In addition to installation of radars for surface surveillance, the sonar system for underwater environment surveillance was installed on the following SUE ChNG’s objects (see Figure 2 bellow):

- FOP-4 (МСП-4) on  Holitsynske gas field, located 61 km to north-west from the Crimean Cape Tarkhankut;

- FOP-17 (МСП-17) Shtormove gas field, located 72 km to west from Cape Tarkhankut;

- WP-2 (БК-2) on Odeske gas field, located 66 km to north-east from Snake Island.


Fig. 2. The places of deployment of the elements of the sonar system for underwater environment surveillance


An interagency interoperability has been established within the framework of exchange of information on surface and underwater environment in the north-western part of the Black Sea, which, through technical capabilities of SUE ChNG, allows the leadership of the coastal guard of the FSB RF in Crimea and the command of the Black Sea Fleet of the Southern Military District to accomplish in real time following tasks:

- integrated surveillance for surface and air conditions on the line Сape Tarkhankut – Snake Island;

- control of international shipping;

- reconnaissance support of operational decisions to conduct hostilities in accordance with the tasks of the higher military command authorities.

Based on the abovementioned, we can conclude that increasing the potential of the surveillance system for surface and underwater environment by placing the navigation radars on the fixed and floating maritime civil infrastructure objects, allows not only to increase the radar field and ensure protection of these objects, but also to monitor international navigation and operations of naval vessels of other countries in north-western part of the Black Sea and provide critical information to the Black Sea Fleet of the Russian Federation for conducting combat actions in case of setting combat tasks.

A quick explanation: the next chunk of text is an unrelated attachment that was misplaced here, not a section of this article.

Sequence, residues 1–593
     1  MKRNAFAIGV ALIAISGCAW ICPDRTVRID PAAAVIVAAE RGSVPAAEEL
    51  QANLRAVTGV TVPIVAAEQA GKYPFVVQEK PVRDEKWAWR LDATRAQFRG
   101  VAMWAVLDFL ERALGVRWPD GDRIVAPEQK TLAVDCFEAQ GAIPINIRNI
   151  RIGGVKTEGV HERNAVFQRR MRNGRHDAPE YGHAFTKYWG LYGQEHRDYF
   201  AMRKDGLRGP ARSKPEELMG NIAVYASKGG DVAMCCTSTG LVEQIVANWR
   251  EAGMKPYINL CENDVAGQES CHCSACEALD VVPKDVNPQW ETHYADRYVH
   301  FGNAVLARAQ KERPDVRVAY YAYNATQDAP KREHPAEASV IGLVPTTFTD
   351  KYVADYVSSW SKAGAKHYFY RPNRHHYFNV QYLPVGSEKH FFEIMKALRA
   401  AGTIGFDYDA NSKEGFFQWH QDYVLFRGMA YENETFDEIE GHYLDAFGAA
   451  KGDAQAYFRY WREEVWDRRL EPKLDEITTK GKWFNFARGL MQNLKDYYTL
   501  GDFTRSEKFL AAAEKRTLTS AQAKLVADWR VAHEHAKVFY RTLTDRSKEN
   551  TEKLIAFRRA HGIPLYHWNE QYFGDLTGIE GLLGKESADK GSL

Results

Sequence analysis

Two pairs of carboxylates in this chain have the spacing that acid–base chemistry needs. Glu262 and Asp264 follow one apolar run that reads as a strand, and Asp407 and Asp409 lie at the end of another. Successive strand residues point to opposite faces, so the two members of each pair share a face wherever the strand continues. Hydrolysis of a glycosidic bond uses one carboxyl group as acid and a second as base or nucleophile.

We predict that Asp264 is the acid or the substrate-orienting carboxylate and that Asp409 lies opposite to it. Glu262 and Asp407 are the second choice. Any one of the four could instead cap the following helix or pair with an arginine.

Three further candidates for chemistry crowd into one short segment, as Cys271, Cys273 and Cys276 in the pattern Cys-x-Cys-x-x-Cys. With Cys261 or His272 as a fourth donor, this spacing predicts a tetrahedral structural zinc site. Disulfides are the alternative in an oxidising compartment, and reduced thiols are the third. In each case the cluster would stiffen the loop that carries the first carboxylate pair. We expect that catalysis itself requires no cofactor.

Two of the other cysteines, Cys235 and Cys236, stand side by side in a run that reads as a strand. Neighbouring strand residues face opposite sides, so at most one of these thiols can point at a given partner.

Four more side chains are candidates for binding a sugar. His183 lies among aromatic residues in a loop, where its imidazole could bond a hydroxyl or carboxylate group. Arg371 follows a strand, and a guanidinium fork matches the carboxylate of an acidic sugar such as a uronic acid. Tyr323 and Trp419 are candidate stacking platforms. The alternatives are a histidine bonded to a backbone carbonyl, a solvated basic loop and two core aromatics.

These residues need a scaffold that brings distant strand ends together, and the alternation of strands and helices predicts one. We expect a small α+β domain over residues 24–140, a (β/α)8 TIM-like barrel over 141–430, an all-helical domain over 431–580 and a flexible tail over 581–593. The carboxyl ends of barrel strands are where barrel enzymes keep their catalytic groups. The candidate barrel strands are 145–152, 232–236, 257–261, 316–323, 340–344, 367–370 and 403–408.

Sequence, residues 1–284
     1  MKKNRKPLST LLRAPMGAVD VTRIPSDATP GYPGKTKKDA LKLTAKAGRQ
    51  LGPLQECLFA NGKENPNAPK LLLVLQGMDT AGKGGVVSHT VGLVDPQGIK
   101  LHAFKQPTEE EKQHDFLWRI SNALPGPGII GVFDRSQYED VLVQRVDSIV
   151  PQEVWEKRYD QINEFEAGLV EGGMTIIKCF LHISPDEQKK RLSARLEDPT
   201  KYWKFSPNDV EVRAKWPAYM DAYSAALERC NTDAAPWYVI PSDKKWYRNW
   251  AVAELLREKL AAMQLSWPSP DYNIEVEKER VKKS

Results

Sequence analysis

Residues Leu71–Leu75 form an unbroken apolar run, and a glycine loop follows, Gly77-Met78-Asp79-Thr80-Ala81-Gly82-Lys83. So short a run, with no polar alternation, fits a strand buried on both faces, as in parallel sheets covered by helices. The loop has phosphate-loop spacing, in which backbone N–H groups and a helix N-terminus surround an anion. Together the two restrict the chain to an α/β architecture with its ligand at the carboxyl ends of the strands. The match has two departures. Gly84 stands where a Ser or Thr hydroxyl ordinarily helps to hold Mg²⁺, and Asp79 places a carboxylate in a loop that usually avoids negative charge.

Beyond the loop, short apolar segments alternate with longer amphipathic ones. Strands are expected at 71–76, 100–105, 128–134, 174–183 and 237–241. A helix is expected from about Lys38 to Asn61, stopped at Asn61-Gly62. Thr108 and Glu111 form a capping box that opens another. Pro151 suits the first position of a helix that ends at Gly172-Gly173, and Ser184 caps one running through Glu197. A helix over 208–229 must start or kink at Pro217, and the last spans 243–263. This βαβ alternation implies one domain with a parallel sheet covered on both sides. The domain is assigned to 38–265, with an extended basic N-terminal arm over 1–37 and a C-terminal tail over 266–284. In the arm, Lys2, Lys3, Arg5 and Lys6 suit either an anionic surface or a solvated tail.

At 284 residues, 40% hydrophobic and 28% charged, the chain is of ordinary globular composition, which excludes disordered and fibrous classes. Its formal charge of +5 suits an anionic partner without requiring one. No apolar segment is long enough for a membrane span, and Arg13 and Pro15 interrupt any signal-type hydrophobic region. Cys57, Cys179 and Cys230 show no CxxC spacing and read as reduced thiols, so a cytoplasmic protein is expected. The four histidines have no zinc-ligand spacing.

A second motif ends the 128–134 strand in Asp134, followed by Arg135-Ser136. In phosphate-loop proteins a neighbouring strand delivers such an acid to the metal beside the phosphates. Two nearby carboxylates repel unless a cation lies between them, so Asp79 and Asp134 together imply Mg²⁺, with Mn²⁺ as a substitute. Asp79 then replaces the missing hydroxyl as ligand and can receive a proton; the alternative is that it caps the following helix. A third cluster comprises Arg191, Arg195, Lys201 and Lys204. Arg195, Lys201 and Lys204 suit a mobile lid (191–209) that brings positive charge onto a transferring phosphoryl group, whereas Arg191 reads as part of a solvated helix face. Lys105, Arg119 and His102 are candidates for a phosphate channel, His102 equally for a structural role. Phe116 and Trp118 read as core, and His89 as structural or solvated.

Open to question are regular and systematic anti-diversion and anti-terrorism exercises, conducted by the Black Sea Fleet and the Caspian Flotilla. In our opinion, they are obviously excessive. It seems that some hybrid technology is being developed, in particular creation of casus belli for a "preventive strike ," which will be argued by "actions in response to attempted sabotage at the object." It is meant that under the cover of an artificially created emergency situation, for example reception of a signal from the security system about the alleged penetration of the subversive group into the protected zone of the object, mobile counteratack forces can resort to offensive actions against the “saboteur country."  

In this context, a military grouping of the Azov Sea, formed under the pretext of protection of a new hydrotechnical structure – bridge crossing through the Kerch Strait against possible sabotage deserves attention, as it impacts civil shipping and the economy of the “pirate state” – as Ukraine is described in Russian media. One should not exclude the scenario, when the situation with sabotage or acts of terrorism on the objects of the marine infrastructure can be incited by Russia itself as a reason for further use of force. Special services of the Russian Federation have relevant worked out technologies and experience.

Speculating on “the growing activity of NATO naval groups in the Black Sea,” Russia is deploying “a military range” for testing the latest radio equipment of surveillance for surface and underwater environment around Crimea and in the Black Sea in whole. The constituent parts of this regional system are the facilities deployed at the objects of the so-called SUE ChNG.

Mastering new forms and methods of conducting reconnaissance, formation of architecture of command system in the operational space of the Black Sea at the base of civilian maritime infrastructure, can serve as an example for the Baltic Sea, since geographically these are two similar closed offshore areas. In addition, the maritime gas infrastructure of the Russian state-owned company Gazprom, which is a subject to protection, is located in the Baltic Sea. It can be used as a platform for reconnaissance in the depths of NATO's response area, disguising the intelligence functions by performing a typical function of pipeline protection by signals intelligence capabilities.